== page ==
Table of contents
- What is a cataract?
- What are the symptoms of cataracts?
- When should I seek treatment for my cataracts?
- What does cataract surgery involve?
- How long does cataract surgery take?
- What are the results of cataract surgery?
- What are the risks and complications of cataract surgery?
- Pre-operative assessment
What is a cataract?
Cataracts are a common eye condition. As you get older the lens inside your eye gradually changes and becomes less transparent and this affects your ability to see.
When the lens becomes cloudy, light struggles to pass directly through it and you may notice problems with your vision. A cataract is not a growth or a film growing over your eye; it is simply your lens becoming misty.
What are the symptoms of cataracts?
There are a number of symptoms including:
- Cloudy vision
- Changes in colour vision
- Glare while driving
- Glare during the day
- Glasses prescription changes (increased frequency)
- Double vision or ghosting of images (especially if only noticeable in one eye)
When should I seek treatment for my cataracts?
The most common reason for cataracts is growing older, when natural changes within the lens occur. Most people over the age of 65 have some changes in their lens and the majority of us will develop a cataract in time. Other common causes of cataracts include: diabetes, medications such as steroid eye drops, and previous eye surgery. There is research into other factors which may affect cataract development such as: smoking, lifelong exposure to sunlight, poor diet lacking antioxidant vitamins. In general, the reason for the cataract will not affect the way it is removed.
If you suspect that you have a cataract you will need a professional eye examination by your optician or ophthalmologist (after a referral by your GP). If your vision can be corrected to an acceptable level with glasses or contact lenses, surgery may be avoided at this time. If your vision loss cannot be corrected by the above measures and if this interferes with your daily life (driving, watching television, hobbies) then your cataract will need to be removed surgically.
What does cataract surgery involve?
Cataract surgery is the removal of the cataract and insertion of an artificial lens called an Intraocular Lens Implant (IOL) into the eye. It is the most successful and most frequently performed operation in the UK with over 325,000 cases annually. More than 90 per cent of patients operated on have a significant improvement in their vision. The operation can be performed at any stage of cataract development. There is no need to wait until your cataract is “ripe” before removing it. Most people choose to have their cataracts removed when the change in their vision starts to cause them difficulties in everyday life, such as driving, cooking, or reading.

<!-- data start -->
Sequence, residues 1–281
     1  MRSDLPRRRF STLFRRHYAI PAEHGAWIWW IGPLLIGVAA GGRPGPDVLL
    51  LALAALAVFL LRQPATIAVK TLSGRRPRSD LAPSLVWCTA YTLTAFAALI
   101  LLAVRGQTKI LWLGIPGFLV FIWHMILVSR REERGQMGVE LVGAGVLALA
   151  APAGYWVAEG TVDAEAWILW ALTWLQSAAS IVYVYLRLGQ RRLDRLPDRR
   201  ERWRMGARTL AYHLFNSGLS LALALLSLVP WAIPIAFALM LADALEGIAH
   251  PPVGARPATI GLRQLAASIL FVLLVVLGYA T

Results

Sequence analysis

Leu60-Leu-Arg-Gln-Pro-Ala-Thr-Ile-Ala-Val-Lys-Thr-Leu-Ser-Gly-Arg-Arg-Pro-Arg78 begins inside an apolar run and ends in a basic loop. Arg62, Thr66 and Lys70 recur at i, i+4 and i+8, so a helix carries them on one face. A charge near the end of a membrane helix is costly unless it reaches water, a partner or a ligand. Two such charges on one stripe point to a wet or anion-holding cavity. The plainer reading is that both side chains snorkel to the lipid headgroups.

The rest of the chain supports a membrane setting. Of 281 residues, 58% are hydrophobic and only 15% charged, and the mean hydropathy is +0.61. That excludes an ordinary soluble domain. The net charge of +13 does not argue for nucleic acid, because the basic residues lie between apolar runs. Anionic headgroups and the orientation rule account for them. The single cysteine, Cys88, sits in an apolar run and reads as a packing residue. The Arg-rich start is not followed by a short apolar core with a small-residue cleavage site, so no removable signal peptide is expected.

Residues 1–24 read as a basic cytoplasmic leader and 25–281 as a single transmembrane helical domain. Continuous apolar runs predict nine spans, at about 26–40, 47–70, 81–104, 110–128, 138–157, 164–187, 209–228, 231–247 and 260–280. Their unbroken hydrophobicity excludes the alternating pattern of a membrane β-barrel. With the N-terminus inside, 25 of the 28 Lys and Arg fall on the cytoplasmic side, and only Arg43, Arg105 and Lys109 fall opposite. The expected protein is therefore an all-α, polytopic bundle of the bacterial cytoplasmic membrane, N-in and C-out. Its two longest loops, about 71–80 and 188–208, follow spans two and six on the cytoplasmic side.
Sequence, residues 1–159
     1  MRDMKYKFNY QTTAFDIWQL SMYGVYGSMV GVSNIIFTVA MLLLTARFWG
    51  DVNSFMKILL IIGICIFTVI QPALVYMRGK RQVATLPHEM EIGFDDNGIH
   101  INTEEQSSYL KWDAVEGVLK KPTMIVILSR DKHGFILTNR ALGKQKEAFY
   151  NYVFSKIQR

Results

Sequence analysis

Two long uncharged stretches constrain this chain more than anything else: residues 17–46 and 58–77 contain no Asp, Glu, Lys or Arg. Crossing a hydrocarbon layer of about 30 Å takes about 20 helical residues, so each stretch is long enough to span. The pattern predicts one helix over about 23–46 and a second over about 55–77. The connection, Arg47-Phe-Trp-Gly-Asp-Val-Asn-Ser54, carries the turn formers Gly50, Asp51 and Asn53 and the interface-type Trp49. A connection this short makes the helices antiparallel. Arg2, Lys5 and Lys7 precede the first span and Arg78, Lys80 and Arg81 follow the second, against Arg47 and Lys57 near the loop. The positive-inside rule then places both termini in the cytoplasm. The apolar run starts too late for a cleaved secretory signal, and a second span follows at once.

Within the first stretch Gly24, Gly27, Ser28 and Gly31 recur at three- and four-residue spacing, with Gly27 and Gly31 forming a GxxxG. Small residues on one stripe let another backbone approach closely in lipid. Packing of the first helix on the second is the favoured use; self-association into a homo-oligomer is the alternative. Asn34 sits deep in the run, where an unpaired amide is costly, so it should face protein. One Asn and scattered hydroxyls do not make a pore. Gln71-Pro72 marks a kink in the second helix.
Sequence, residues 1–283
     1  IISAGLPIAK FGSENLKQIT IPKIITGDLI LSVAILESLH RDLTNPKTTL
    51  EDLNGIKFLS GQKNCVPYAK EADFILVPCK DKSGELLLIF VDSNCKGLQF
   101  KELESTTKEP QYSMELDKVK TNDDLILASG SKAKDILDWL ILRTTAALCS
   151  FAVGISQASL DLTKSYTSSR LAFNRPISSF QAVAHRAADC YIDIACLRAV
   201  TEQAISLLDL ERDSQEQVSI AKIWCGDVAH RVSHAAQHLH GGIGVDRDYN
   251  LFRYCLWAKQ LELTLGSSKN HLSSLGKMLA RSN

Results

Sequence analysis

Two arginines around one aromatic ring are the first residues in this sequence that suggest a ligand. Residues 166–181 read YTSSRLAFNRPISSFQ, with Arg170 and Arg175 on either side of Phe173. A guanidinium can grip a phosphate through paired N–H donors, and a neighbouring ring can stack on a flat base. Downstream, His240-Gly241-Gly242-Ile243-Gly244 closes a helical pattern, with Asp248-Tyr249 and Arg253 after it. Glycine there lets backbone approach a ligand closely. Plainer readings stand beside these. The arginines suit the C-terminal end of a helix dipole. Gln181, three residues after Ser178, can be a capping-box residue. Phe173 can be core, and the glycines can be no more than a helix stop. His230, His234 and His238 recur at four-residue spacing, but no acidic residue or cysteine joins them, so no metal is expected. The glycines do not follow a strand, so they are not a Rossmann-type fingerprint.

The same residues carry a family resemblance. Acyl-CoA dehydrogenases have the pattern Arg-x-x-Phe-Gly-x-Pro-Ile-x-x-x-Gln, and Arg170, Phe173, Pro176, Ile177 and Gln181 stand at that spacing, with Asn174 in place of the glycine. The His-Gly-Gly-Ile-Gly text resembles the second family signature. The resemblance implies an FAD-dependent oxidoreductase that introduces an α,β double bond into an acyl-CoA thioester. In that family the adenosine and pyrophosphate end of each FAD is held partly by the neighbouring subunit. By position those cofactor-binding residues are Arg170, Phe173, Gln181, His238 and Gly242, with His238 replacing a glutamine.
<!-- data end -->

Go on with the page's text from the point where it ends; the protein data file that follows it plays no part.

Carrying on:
How long does cataract surgery take?
Cataract surgery usually takes about 15 to 20 minutes and most people go home from hospital about 1-2 hours later. It is done under local anaesthetic, which means you will be awake during the operation but you will not feel any pain. The local anaesthetic may involve eye drops and/or an injection. It is a day case procedure which means you will not need to stay in hospital overnight.
What are the results of cataract surgery?
Patients often report an almost overnight improvement in their eyesight, with many returning to activities such as driving and reading with no further eye problems. Many people who have had cataract surgery also find that they rely less on glasses.
What are the risks and complications of cataract surgery?
The risk from cataract surgery is very low (< 1%) and complications are very rare. After the operation you will be sent home with care instructions and you will need to put drops into your eyes for a few weeks. Provided you follow the advice given to you after cataract surgery your recovery should be complete and complication-free.
A pre-operative assessment is our opportunity to ensure that the procedure for which you have been referred is right for you. We’ll explain your treatment to you and makes sure that you are well enough to go ahead with it. It is also your opportunity to meet the team who will care for you and to ask any questions.